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Carys Fisser

on 13 June 2013

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Transcript of Pemulwuy

The rainbow warrior

What did Pemulwuy do to rebel against the British and how did these actions improve Australia?
What did Pemulwuy do to rebel against the British?
What were the outcomes of these actions?
How were these actions an improvement?
Who was Pemulwuy?
What was Australia like at the time for Pemulwuy's people?
What was Australia like at the time for Pemulwuy's people?
Who was he and what was Australia like at the time?
Pemulwuy was an Aboriginal leader at the time the British Colony arrived
Pemulwuy belonged to the Eora Tribe, and he and his tribe attacked and rebelled against the British colonies
He first came to the settler's attention in 1790, when Pemulwuy speared John McIntyre in the shoulder.
This was only the beginning of many attacks
Pemulwuy died in 1802, and his head was sent to England.
Life as an Aboriginal was tough, due to the settler's belief in Eugenics and 'Terra Nullius'
The theory of Eugenics said that some races were superior to others, and the British thought themselves as the superior and the Aborigines as the inferior
This gave them an excuse to maltreat and take advantage of Aborigines
The settlers also claimed the entirety of Australia as 'Terra Nullius'. This meant that anyone could walk onto a plot of Australian land and take it forcibly from the Aborigines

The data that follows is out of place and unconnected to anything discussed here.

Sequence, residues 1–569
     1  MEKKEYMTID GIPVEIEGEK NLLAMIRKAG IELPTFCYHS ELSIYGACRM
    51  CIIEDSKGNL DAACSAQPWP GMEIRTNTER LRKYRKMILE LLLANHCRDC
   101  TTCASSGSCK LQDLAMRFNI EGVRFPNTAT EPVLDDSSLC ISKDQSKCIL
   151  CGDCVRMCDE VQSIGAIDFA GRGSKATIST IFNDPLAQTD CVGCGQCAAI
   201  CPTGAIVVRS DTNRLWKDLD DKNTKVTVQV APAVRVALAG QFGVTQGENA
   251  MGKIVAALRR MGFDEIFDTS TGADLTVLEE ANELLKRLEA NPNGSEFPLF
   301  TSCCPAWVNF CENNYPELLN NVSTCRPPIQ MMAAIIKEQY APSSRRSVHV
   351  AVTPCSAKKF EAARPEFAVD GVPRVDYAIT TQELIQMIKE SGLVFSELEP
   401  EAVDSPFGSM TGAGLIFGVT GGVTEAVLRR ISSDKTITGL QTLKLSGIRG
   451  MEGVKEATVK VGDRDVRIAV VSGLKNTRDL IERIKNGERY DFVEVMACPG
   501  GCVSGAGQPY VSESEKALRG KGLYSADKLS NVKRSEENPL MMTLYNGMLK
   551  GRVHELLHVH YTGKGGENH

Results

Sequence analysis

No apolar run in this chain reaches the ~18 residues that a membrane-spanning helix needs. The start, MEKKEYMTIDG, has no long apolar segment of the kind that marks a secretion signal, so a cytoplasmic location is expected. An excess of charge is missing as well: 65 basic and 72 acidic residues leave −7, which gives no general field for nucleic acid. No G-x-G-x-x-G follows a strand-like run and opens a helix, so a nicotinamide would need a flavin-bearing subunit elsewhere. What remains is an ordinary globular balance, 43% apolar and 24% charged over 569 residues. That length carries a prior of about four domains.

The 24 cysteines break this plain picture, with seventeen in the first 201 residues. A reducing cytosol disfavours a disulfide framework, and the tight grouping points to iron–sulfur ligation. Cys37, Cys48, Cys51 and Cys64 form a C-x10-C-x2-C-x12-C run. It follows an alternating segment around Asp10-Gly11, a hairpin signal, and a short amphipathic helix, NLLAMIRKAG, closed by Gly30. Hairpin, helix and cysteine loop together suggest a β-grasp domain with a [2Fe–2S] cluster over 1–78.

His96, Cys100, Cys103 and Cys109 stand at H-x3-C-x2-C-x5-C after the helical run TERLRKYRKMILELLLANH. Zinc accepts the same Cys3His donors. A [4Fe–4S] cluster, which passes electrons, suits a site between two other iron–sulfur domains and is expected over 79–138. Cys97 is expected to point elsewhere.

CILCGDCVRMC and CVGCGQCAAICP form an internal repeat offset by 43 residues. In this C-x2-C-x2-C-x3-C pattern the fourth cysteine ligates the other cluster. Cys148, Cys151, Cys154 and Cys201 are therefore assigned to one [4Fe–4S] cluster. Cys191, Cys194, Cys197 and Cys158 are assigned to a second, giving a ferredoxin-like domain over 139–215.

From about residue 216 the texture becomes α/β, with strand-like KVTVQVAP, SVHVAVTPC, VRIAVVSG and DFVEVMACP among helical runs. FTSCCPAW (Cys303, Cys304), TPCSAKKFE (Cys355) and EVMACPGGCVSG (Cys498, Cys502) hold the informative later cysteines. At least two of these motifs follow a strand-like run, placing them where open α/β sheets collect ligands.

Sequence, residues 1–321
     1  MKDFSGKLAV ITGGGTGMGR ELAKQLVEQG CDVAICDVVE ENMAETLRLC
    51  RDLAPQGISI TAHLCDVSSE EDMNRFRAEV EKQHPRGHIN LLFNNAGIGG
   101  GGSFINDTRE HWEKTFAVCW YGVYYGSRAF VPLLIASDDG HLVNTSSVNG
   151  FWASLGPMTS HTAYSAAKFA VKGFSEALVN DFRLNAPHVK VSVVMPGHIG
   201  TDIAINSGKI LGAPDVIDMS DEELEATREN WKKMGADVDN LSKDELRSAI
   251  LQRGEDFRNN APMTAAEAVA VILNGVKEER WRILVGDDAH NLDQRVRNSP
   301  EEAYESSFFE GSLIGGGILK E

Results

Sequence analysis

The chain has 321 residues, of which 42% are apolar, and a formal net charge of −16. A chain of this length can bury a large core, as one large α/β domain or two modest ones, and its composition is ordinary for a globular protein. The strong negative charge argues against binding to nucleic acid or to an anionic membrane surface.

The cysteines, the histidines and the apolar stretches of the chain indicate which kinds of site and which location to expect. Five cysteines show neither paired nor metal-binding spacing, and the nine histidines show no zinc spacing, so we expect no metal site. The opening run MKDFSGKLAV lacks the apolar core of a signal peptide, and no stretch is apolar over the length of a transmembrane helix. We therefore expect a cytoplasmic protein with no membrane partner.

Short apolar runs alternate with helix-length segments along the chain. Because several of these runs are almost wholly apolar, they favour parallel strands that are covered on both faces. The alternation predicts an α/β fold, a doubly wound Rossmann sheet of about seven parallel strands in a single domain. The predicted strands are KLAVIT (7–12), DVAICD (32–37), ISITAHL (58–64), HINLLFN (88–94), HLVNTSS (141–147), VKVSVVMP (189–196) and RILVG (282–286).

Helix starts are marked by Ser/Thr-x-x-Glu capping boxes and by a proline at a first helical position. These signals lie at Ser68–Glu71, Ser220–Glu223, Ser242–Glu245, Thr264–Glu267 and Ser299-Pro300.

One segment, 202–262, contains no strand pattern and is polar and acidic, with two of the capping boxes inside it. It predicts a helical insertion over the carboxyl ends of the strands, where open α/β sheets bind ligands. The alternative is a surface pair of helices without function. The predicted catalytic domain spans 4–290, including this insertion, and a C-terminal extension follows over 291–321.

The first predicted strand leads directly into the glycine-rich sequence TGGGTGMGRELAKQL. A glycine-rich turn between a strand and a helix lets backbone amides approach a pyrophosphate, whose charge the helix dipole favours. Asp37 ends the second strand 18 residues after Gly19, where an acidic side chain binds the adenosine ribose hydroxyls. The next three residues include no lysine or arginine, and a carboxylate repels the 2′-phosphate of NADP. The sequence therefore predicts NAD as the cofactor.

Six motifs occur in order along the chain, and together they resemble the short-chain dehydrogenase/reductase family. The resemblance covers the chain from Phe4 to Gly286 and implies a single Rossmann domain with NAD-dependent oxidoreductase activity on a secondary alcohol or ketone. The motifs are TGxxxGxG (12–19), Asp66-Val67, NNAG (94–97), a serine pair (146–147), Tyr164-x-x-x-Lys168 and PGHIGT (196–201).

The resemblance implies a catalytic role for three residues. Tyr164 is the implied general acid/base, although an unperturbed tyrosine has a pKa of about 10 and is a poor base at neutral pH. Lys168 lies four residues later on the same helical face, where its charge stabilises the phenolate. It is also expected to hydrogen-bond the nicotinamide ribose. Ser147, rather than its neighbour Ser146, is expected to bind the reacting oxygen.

The little rights Aboriginals had were manipulated by the British so that they meant nothing.
Pemulwuy provided hope for a better future for the Aboriginals
Pemulwuy alerted the colonies to the fact that the Aborigines would not simply roll over and not resist, but would continuously rebel against them and their rules.
Pemulwuy caused the British to begrudgingly respect the Aboringines for their persistence and intelligence.
'He was a brave and independent character.
Disproved theory of Eugenics
Pemulwuy organised large scale guerrilla attacks against the British.
These were highly organised and well orchestrated, and many settlers lost food, money, clothes and livestock at the Pemulwuy's tribe's hands.
He led his tribe into many wars against the British, most of which were successful.
Pemulwuy helped to disprove the theory of Eugenics, by showing that he was not inferior to the British in in anyway. This was shown in the way that it took a decade for the British to finally kill Pemulwuy, presenting the two races as equal.
This later led to the settlers give Aboriginals proper rights and treating them as equal.
Banner, S. (2007). Possessing the Pacific: Land Settlers, and Indigenous People from Australia to Alaska. America: Harvard University Press.
Collaborating for Indigenous Rights 1957-1973. (2008). Retrieved May 19, 2013, from http://indigenousrights.net.au
Karksens, G. (2010). The Colony: A History of Early Sydney. New South Wales: Allen & Unwin.
Kohen, J. (2005). Pemulwuy (1750-1802). Australia: Australian Dictionary of Biography.
Pemulwuy. (2010). Retrieved May, 19, 2013, from http://www.convictcreations.com/history/pemulwuy.htm
Perkins, R. L. (2008). First Australians. Victoria: Melbourne University Publishing.
Russell, J. C. (2012). Pemulwuy. Australia: Books on Demand.
Smithies, G.W. (2003). Australian Aboriginal Culture. Sydney: R.I.C. Publications.
Wicken, W. (2002). Mikmaq Treaties on Trial: History, Land, and Donald Marshall Junior. University of Toronto Press.
Full transcript